Friday, October 25, 2013

Today Marks 10 Years, Khodorkovsky's Arrest



On October 25th ten years ago an honest man was put to prison for political reasons, although he, according to human rights councils, had not committed any crimes. This was done during Putin’s first regime, prior to Medvedev’s presidency that preceded Putin’s second presidency. Putin was in conflict with Mikhail Khodorkovsky due to Khodorkovsky’s ownership of Yukos Oil Company, which had made him very wealthy. So ten years ago, Mikhail Khodorkovsky was arrested and later convicted along with his business partner, Lebedev, on fictitious charges of fraud, even though no evidence existed to support the case. Moreover, they were convicted on more charges yet again in 2007 and sentenced to fourteen years to run parallel to their 2005 sentence.

One of the most enraging outcomes of Khodorkovsky’s imprisonment was the transfer of the Yukos Oil Company’s assets after his 2003 arrest. The company, producing twenty percent of Russian oil, had been very successful from 2000 to 2003. In 2003, the Russian government, after freezing Yukos’s assets (in order to prevent shareholders under Khodorkovsky from selling much of their company’s resources to Exxon), demanded that Yukos pay 27 billion dollars in taxes. As a result, the company was not able to pay this striking sum of money, and a Russian government declared Yukos bankrupt. Many oil companies, including Yukos’s competitors, then bought segments of the company, after which they sold them to the Russian government. Currently, the Russian government has control over the assets that Yukos had amounted over its successful reign as a business from 1993 to 2003, which was when Khodorkovsky’s arrest prompted the company’s fast decline.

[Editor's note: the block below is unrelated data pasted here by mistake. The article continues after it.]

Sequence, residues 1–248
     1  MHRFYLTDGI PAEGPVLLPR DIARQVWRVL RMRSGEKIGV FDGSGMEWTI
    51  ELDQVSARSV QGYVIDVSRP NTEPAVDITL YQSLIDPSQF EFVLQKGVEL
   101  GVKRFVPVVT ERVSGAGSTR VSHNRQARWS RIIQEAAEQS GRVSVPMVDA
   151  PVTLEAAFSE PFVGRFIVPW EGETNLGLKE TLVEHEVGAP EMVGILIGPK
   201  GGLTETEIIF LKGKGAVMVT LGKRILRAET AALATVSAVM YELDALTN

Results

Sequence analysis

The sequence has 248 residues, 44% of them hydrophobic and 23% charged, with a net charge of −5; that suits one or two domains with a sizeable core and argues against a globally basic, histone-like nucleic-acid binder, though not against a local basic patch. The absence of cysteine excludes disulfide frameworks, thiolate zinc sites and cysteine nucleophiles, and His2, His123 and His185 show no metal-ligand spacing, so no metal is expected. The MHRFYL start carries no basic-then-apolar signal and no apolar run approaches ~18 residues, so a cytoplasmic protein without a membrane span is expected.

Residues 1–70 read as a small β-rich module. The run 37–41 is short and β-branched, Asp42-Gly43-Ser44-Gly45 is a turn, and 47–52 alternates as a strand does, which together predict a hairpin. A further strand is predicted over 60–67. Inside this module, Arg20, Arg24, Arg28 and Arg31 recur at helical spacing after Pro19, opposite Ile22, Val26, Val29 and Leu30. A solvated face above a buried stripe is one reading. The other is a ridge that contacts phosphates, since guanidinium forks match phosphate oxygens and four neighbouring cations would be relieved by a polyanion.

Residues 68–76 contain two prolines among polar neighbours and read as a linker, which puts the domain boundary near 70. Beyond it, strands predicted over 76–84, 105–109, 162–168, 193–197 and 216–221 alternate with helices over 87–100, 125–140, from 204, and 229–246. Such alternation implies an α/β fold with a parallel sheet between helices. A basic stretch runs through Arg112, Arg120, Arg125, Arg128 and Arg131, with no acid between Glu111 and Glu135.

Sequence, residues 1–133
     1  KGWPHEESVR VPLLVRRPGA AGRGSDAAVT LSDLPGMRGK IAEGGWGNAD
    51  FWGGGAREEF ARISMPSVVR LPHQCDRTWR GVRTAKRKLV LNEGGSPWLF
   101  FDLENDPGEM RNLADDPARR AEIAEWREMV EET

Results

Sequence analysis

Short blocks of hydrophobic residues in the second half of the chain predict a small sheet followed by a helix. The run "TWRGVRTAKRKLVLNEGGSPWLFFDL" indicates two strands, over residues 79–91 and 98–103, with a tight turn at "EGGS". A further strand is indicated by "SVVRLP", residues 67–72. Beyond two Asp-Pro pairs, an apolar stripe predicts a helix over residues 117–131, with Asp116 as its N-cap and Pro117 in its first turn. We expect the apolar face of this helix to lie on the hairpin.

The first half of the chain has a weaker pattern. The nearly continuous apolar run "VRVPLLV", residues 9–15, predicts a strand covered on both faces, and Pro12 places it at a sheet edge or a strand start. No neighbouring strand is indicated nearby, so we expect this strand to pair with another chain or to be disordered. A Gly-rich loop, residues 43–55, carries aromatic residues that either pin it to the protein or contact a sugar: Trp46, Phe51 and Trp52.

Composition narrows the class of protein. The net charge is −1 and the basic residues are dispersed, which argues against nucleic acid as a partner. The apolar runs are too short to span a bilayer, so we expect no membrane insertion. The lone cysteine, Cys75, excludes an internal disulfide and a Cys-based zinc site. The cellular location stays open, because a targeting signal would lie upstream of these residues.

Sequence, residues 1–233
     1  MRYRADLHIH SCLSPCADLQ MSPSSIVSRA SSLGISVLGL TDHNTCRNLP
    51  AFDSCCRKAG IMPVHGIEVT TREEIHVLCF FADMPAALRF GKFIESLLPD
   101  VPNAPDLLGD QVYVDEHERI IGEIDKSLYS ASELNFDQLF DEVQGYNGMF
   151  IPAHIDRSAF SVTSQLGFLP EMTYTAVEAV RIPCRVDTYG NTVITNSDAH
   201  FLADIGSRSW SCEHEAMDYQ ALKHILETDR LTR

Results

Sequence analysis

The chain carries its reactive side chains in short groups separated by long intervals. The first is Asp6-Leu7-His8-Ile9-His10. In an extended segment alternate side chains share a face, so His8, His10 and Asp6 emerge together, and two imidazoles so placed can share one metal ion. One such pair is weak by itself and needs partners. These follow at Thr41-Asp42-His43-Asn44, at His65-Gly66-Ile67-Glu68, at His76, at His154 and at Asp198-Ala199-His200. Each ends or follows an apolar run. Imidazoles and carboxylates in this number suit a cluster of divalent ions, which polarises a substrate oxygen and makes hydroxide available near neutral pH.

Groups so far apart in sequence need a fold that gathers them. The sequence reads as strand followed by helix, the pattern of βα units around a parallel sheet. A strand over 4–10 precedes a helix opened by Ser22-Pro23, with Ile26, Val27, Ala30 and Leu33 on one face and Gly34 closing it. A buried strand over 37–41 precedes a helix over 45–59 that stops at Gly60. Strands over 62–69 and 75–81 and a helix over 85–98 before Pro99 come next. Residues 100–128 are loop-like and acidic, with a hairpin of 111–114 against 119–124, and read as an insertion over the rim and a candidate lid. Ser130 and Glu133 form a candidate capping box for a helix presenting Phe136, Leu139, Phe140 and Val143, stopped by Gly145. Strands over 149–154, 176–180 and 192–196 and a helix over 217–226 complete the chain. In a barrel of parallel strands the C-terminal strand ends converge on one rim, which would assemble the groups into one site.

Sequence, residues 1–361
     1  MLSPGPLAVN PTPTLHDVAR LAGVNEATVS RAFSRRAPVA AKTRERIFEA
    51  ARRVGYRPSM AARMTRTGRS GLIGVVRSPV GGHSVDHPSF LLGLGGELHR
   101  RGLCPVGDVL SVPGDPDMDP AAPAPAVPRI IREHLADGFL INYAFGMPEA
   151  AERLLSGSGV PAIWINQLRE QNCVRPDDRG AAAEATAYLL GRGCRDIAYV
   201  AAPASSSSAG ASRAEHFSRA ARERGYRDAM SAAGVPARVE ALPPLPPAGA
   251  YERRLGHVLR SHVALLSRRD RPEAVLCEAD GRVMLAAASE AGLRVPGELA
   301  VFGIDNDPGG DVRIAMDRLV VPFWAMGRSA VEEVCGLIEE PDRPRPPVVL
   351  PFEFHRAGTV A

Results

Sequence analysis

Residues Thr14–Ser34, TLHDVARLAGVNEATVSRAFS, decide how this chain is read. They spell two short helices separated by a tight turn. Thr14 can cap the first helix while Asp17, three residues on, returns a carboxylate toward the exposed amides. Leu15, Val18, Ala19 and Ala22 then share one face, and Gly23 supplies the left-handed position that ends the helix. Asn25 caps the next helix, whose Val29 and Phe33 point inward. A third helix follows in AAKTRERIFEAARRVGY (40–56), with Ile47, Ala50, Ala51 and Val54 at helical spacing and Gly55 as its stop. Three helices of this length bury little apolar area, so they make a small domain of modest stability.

This is a prominent human rights violation because according to human rights leaders in Russia, Putin’s actions were sparked by his personal motive to take control over Yukos’s assets, and Khodorkovsky simply stood in his way. Moreover, the Parliamentary Assembly of the Council of Europe accused the government of charging Khodorkovsky for political reasons and for pressuring Khodorkovsky’s defense attorneys. In this way, Khodorkovsky was not able to properly defend himself and was subsequently sent to jail.

This case has been popularized to the extent that journalists say that one cannot talk about modern Russian history without mentioning Khodorkovsky’s arrest. The absurdity and political craziness of this situation has been discussed for years, especially through technological means like online blogs and magazines, and it is a prime example of the current government’s corruption. Although the regime tries to maintain a fa├žade of democracy, to this day Russia continues to engage in some human rights violations, such as putting people who speak out against the government in prison – a trend that is visible today in most totalitarian governments. As a result, this whole situation is really upsetting. In the following quote, Russian lawyer Vadim Klyuvgant summed up what can be learned from Khodorkovsky’s arrest: “It became obvious that are no rules to the game. It is truly a game without rules” (snob.ru).

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